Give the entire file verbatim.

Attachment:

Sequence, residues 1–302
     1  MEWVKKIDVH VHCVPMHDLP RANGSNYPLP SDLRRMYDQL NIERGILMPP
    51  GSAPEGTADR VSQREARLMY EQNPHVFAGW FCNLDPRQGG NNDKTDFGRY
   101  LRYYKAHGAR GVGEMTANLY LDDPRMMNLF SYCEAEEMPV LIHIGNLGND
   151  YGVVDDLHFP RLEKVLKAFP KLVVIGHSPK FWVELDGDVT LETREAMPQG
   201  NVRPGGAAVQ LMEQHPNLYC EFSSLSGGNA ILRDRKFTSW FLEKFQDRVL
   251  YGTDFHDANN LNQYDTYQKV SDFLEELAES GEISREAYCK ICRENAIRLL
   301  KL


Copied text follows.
Sequence, residues 1–302
     1  MEWVKKIDVH VHCVPMHDLP RANGSNYPLP SDLRRMYDQL NIERGILMPP
    51  GSAPEGTADR VSQREARLMY EQNPHVFAGW FCNLDPRQGG NNDKTDFGRY
   101  LRYYKAHGAR GVGEMTANLY LDDPRMMNLF SYCEAEEMPV LIHIGNLGND
   151  YGVVDDLHFP RLEKVLKAFP KLVVIGHSPK FWVELDGDVT LETREAMPQG
   201  NVRPGGAAVQ LMEQHPNLYC EFSSLSGGNA ILRDRKFTSW FLEKFQDRVL
   251  YGTDFHDANN LNQYDTYQKV SDFLEELAES GEISREAYCK ICRENAIRLL
   301  KL